In the midst of the coverage of Hurricane Irene, one post from the New York Times in particular caught my eye. As folks struggled to wrap their heads around a potentially massive hurricane making landfall in New York and the potential subsequent devastation, the post drew attention to “Category 7,” a 2007 work of fiction about a fictionalized hurricane of unprecedented strength unleashed (purposefully!) onto NYC by an evil master of “secret, cutting-edge weather science.”
While so-called “weather warfare” is officially banned (the Convention on the Prohibition of Military or Any Other Hostile Use of Environmental Modification Techniques – an international treaty adopted in 1976 – formally prohibited such activities), more innocuous weather modification techniques are surprisingly common. Cloud seeding is a process used to increase precipitation, reduce hail, or eliminate fog by means of spraying tiny particles such as silver iodide into the sky to trigger cloud formation.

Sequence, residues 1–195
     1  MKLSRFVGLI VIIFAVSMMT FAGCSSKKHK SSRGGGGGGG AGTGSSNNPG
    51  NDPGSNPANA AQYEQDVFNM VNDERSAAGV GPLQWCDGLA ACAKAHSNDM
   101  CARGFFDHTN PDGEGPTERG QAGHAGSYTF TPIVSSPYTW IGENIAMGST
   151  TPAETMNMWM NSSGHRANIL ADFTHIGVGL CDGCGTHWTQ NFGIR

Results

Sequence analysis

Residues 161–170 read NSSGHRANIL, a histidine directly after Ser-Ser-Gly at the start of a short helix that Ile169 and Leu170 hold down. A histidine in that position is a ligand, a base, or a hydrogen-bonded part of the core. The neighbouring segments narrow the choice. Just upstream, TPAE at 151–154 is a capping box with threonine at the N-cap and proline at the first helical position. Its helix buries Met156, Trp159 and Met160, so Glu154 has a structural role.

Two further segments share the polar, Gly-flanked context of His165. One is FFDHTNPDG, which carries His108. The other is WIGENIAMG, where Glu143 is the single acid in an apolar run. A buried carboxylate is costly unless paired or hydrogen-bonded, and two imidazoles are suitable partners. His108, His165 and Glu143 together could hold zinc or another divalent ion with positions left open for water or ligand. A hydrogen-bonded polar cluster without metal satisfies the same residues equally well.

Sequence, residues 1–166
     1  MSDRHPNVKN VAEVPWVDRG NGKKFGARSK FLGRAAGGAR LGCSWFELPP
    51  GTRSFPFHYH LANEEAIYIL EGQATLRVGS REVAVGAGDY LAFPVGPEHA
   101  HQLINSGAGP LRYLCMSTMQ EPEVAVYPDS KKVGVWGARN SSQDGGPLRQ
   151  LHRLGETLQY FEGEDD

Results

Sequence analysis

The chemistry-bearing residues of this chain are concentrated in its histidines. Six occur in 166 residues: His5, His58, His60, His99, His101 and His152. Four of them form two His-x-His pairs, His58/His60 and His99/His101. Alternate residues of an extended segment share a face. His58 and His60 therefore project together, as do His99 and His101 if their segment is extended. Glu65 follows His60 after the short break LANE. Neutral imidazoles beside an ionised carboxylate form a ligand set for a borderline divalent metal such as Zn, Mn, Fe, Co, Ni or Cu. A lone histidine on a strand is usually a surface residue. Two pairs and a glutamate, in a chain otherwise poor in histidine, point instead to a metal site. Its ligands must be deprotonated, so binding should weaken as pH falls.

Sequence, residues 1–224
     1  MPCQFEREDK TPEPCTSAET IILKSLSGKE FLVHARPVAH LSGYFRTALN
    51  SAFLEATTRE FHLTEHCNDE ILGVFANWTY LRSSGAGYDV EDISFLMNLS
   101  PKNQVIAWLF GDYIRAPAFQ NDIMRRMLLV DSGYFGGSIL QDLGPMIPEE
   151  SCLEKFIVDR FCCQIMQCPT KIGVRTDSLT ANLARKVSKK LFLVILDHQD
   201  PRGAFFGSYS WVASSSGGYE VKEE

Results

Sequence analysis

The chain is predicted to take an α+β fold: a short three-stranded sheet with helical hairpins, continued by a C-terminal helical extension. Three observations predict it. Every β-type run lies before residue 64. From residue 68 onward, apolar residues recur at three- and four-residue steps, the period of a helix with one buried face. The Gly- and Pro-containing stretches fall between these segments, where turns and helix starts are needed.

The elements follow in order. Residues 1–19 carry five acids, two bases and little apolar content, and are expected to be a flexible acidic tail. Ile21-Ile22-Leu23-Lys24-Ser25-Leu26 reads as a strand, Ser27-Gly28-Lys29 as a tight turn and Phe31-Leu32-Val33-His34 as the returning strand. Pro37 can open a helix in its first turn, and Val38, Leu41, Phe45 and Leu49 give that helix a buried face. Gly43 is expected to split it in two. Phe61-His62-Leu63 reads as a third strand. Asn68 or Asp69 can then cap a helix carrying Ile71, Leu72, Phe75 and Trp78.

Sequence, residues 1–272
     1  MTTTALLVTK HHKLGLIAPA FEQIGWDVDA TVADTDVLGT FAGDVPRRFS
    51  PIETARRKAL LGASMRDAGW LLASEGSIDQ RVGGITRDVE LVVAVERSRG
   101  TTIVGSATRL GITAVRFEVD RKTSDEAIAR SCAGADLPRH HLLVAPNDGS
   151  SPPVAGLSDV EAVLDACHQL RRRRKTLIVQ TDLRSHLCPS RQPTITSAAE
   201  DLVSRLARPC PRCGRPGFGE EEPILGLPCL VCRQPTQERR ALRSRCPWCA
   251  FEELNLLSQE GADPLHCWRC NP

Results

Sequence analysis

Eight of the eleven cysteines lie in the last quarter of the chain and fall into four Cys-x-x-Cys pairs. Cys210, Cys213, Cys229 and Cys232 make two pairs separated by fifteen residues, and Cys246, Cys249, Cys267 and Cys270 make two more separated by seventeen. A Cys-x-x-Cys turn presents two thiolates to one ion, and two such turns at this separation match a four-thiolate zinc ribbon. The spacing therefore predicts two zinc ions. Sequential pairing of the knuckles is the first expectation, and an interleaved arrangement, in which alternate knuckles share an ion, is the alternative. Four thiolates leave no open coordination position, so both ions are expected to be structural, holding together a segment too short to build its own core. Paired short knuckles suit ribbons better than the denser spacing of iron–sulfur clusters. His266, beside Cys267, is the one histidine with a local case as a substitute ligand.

Most weather modification licensing and regulation happens at the state level. For a good example of weather modification laws, you can see Title 9, Chapters 301 and 302 of Texas’ Agriculture Code. However, federal level law requires certain weather modification activities to be reported to the National Oceanic and Atmospheric Administration (NOAA): “Any person intending to engage in any weather modification project or activity in the United States shall provide a report of his intention, to be received by the Administrator at least 10 days before the commencement of such project or activity.” (see 15 CFR Part 908)
A 2009 congressional bill (S. 601) would have established a Weather Mitigation Research Program within the National Science Foundation, and authorized a “research and development program to improve the understanding of processes relating to [weather modification activities].” While today’s weather modifications are mostly limited to those serving agricultural purposes, future activities are likely to focus on mitigating climate change and its effects (like deadly hurricanes!). A recently released GAO report assessed “climate engineering technologies, focusing on their technical status, future directions for research on them, and potential responses.”
Interested in reading more about weather control? Check out this great piece in Harper’s Magazine, Disaster aversion: The quest to control hurricanes by Rivka Galchen.